Is it any good?

QUALITY
 

Bogged down by lazy writing and shoddy filmmaking, ACCEPTED is a raucous but pointless endeavor. Borrowing from every other college-located comedy, Steve Pink's movie is also low on originality, even though it appears to celebrate "creativity" in its low-achieving heroes.

That the rebellion has no shape seems not to matter to anyone. The "students" prefer to contemplate punk rock and take long walks. While such activities are not negative in and of themselves, the film makes the kids look unnecessarily unintelligent, a crowd of socially inept misfits who make Bartleby seem sharp by comparison. This strategy is underlined by the fact that Bartleby's the one who gets a girlfriend. Of course, the film needs a happy ending, so Monica is only briefly pouty when she finds out he's been lying.

Families can talk about...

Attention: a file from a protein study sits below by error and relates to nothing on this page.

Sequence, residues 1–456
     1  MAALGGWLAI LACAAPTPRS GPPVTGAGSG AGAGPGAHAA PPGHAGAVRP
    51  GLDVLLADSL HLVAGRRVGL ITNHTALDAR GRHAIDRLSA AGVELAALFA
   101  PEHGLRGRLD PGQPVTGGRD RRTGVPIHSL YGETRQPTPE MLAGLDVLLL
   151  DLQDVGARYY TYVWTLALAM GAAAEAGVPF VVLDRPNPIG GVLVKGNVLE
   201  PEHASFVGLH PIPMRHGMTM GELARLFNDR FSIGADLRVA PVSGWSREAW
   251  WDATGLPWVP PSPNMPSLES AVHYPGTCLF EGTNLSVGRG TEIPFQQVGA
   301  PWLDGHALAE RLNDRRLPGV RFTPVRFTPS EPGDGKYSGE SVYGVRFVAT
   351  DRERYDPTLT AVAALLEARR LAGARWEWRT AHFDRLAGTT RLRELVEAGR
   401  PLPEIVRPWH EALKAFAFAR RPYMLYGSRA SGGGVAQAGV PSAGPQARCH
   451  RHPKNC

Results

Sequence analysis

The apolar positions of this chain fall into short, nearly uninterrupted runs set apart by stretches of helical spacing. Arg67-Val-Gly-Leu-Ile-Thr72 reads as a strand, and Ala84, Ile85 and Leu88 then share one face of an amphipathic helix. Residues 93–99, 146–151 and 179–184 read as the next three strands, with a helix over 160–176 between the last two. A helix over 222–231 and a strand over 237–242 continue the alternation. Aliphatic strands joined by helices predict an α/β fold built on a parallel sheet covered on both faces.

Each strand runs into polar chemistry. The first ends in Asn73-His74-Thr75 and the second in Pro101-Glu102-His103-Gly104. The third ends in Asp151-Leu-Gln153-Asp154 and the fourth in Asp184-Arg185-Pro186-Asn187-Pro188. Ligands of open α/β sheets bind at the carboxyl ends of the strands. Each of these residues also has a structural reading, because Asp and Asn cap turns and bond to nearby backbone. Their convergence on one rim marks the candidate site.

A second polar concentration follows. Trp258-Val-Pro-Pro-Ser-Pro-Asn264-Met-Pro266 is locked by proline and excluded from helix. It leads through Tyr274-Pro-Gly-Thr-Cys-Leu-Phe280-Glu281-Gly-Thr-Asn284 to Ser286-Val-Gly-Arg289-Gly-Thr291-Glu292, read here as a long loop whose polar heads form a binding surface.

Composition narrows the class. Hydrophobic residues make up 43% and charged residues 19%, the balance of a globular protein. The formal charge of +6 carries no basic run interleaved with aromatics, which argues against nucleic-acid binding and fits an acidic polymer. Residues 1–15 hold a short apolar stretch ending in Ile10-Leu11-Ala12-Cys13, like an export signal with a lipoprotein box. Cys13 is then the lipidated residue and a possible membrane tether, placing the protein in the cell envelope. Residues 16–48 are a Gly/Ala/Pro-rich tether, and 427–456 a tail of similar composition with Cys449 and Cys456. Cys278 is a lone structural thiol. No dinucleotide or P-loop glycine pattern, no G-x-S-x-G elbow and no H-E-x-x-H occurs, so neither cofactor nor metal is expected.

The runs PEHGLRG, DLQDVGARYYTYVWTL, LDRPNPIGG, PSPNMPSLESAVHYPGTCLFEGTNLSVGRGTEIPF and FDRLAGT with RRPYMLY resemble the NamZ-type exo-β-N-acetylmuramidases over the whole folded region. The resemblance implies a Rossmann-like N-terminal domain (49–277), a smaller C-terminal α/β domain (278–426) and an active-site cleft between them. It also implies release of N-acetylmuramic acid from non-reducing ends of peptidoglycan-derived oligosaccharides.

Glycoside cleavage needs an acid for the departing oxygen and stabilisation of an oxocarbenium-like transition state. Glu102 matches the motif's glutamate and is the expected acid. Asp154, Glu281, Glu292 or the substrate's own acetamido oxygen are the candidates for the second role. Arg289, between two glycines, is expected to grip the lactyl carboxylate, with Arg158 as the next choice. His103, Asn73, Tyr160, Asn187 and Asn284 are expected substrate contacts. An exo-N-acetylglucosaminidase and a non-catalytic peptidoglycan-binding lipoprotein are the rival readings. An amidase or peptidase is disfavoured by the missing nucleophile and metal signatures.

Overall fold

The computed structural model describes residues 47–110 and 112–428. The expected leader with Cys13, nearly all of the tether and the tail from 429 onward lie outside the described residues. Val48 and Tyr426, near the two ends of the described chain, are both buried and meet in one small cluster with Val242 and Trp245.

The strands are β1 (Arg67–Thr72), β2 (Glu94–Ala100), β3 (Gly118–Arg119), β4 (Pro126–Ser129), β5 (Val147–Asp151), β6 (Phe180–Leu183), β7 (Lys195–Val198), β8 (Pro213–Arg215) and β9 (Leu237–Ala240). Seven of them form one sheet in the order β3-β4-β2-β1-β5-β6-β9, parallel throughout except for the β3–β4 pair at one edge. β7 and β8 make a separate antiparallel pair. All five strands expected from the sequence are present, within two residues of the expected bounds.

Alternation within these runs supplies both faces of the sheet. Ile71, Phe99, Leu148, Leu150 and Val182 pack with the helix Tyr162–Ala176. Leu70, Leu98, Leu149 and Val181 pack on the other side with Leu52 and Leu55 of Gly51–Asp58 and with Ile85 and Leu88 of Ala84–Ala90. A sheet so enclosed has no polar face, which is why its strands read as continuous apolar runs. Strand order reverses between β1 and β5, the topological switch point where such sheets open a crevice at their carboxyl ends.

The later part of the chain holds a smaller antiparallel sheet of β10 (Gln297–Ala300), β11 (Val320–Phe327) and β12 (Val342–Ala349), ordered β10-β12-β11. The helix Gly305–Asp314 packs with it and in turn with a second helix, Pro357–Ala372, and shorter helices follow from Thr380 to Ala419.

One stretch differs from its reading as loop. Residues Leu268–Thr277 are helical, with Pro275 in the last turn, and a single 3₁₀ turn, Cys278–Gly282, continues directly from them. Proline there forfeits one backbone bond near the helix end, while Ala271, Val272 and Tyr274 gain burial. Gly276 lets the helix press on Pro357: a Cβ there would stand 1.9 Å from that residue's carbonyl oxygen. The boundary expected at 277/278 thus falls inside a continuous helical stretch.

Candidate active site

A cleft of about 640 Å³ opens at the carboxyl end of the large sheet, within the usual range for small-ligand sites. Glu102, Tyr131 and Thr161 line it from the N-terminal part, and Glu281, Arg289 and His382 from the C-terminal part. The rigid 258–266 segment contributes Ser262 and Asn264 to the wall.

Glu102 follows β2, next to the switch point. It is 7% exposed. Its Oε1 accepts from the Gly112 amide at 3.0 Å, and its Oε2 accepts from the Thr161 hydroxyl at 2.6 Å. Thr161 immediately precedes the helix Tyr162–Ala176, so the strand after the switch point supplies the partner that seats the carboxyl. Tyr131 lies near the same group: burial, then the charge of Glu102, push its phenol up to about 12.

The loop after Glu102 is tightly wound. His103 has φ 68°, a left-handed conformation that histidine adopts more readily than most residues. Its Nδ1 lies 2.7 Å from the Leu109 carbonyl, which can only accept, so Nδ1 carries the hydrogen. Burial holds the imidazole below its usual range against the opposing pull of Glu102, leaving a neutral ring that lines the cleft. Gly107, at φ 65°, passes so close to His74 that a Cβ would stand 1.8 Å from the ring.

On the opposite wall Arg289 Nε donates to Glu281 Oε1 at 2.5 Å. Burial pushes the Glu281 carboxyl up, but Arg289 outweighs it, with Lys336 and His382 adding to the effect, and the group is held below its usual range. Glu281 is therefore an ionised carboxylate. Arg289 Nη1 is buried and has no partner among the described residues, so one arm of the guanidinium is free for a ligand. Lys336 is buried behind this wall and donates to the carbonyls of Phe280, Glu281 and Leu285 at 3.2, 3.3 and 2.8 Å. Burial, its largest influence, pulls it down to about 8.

• Families can talk about the pressures on college applicants to "get in": How might families work together to make this a less-stressful process? How might telling the truth be a more effective way for Bartleby to communicate with his parents? Families could also talk about the stereotyped portrayal of college life; what's it really like to be a college student?

Movie details

Theatrical release date:August 18, 2006
DVD release date:November 14, 2006
Cast:Blake Lively, Jonah Hill, Justin Long
Director:Steve Pink
Studio:Universal Pictures
Genre:Comedy
Run time:90 minutes
MPAA rating:PG-13
MPAA explanation:language, sexual material and drug content.

This review of Accepted was written by

About our rating system

  • ON: Content is age-appropriate for kids this age.
  • PAUSE: Know your child; some content may not be right for some kids.
  • OFF: Not age-appropriate for kids this age.
  • NOT FOR KIDS: Not appropriate for kids of any age.

Find out more

Quality

Our star rating assesses the media's overall quality.

Find out more

Learning ratings

  • Best: Really engaging, great learning approach.
  • Very Good: Engaging, good learning approach.
  • Good: Pretty engaging, good learning approach.
  • Fair: Somewhat engaging, okay learning approach.
  • Not for Learning: Not recommended for learning.
  • Not for Kids: Not age-appropriate for kids; not recommended for learning.

Find out more

About our buy links